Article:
The "International Day of Action" was largely a flop, though a group of students, including a member of the student government, paraded around the UC Berkeley campus chanting, "We support the Intifada," "Long live the Intifada," and "From the river to the sea, Palestine will be free"—again, calls for Israel's destruction through violence.
It is worth pointing out that SJP's devotion to the BDS movement makes the group significantly more extreme than the official Palestinian leadership. In addition to its official support for both the two-state solution and the peace process, the Palestinian Authority (PA) has repeatedly criticized BDS, and as recently as December 2013, PA President Mahmoud Abbas publicly declared that a boycott of Israel is not in the interests of the Palestinian people. The Palestinians, he said, "have relations with Israel, we have mutual recognition of Israel." In line with Abbas' remarks, four BDS activists were arrested in July by PA forces for "provoking riots and the breach of public tranquility." A PA official told Israeli-Arab journalist Khaled Abu Toameh that the BDS movement makes all Palestinians appear radical and "goes against the PLO's official policy, which is to seek a peace agreement with Israel based on the two-state solution." Palestinian leaders in America have followed suit. In June 2014, Ghaith al-Omari, executive director of the American Task Force on Palestine, told an audience that BDS is "completely unacceptable" and "doesn't fit with the idea of the two-state solution."
During Israel Apartheid Week, SJP at the University of Illinois Urbana-Champaign constructed this wall. Photo: Benjamin Stone / flickr
It is difficult not to conclude from this that SJP's purpose is less to advocate for the Palestinians than to damage Israel by propagating the same hate-filled rhetoric that has caused Jews in France to lock themselves in synagogues and make plans to move to Israel. Indeed, it explicitly advocates extremist measures that many Palestinian leaders believe will do their own people more harm than good. In this sense, SJP's ideology does not seem to be generally pro-Palestinian but in fact a lot closer to the beliefs and policies of Hamas than to the recognized Palestinian leadership.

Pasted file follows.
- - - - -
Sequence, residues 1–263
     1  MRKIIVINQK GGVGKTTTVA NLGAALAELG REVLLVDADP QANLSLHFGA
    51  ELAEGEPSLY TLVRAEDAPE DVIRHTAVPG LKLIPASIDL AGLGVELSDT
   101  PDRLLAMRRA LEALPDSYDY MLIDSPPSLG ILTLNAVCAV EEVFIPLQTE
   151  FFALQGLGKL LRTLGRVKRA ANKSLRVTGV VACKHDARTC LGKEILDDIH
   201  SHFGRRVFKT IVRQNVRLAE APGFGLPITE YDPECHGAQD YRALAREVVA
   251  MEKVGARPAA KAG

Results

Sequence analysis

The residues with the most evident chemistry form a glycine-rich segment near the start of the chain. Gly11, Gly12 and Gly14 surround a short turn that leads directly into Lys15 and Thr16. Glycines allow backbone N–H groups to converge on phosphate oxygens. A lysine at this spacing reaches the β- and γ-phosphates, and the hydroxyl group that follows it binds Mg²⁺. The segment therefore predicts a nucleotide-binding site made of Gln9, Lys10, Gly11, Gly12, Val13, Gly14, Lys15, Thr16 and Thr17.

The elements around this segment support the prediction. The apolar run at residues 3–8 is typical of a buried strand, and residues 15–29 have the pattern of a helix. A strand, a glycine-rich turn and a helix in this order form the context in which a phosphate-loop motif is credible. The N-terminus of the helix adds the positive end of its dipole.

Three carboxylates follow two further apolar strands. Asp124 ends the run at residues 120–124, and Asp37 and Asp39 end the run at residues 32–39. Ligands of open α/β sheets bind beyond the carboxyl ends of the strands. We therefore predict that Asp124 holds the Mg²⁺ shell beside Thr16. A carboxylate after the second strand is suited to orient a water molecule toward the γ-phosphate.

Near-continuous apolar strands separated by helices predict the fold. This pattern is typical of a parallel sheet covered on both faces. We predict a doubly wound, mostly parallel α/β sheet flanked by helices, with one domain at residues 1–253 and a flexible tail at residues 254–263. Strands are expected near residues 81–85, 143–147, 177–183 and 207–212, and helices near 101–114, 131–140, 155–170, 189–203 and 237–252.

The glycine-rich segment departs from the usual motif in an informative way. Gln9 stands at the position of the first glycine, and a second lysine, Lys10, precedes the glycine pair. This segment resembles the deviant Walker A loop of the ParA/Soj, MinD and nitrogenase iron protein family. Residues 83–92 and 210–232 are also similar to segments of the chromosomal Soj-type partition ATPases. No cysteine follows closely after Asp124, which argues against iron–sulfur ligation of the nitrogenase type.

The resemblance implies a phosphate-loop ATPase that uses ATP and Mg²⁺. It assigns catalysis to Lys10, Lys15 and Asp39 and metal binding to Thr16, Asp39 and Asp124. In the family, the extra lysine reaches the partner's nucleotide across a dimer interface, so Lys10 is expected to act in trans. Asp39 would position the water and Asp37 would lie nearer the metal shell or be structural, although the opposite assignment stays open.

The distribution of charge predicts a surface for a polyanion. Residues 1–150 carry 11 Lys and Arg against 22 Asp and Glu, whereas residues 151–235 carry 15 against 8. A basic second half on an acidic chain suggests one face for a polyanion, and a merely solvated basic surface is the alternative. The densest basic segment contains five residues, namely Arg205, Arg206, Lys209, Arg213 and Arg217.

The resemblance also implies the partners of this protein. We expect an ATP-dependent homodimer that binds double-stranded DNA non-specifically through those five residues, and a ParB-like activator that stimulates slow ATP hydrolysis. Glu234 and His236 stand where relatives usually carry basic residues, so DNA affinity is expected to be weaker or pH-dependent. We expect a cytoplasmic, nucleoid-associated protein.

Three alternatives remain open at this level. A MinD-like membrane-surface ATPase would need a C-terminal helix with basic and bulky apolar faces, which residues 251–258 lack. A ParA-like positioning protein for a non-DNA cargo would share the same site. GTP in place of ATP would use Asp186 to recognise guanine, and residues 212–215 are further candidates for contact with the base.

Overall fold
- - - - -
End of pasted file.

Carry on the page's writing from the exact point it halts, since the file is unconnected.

Such suspicions are bolstered by SJP's choice of speakers and guest lecturers, many of whom are open advocates for terrorism and reject any vision of a peaceful Middle East that includes the Jewish State. Frequently, and particularly in times of war, they cross the line into overt anti-Semitism.
Two of the most frequent guests at SJP events during the 2013-2014 school year were Max Blumenthal and Ali Abunimah. Both reject a two-state solution and regularly employ radical, inflammatory rhetoric. In August, 2014, Abunimah was so appalled by a campaign for the UN to recognize Judaism's holiest day (alongside 10 other holidays already recognized) that he tweeted, "Making Yom Kippur a UN holiday to honor the genocidal 'state' of Israel would be sure way to increase global anti-Jewish sentiment." Last year, Blumenthal mocked Jewish ritual by sharing a picture online that showed him praying to a distorted image of Israeli Prime Minister Benjamin Netanyahu.
Asked about Blumenthal, Harvard University law professor Alan Dershowitz called Blumenthal "an extremist bigot whose greatest appeal is to anti-Semites and others who apply a double standard to the Jewish state…. No decent person should ever support the views expressed by Max Blumenthal." His recently published book Goliath: Life and Loathing in Greater Israel was so offensive that it was dubbed "The Israel Hater's Handbook" and worthy of the "Hamas Book-of-the-Month Club" by Eric Alterman of The Nation. Abunimah's book, The Battle for Justice in Palestine, calls for an end to Israel's existence.
As inflammatory as it is, however, the rhetoric employed by Blumenthal and Abunimah is relatively moderate compared to some of SJP's other guests.
In a 2006 speech at UC Irvine during "Israel Apartheid Week," co-sponsored by SJP and the Muslim Student Association, SJP speaker Amir Abdel Malik Ali explicitly called for war and, apparently, mass murder, saying of Israel, "The truth of the matter is your days are numbered. We will fight you. We will fight you until we are either martyred or until we are victorious."
In an equally chilling statement in 2010, Malik Ali asserted his support for terrorism. When questioned by Roz Rothstein, of the organization StandWithUs, he answered as follows: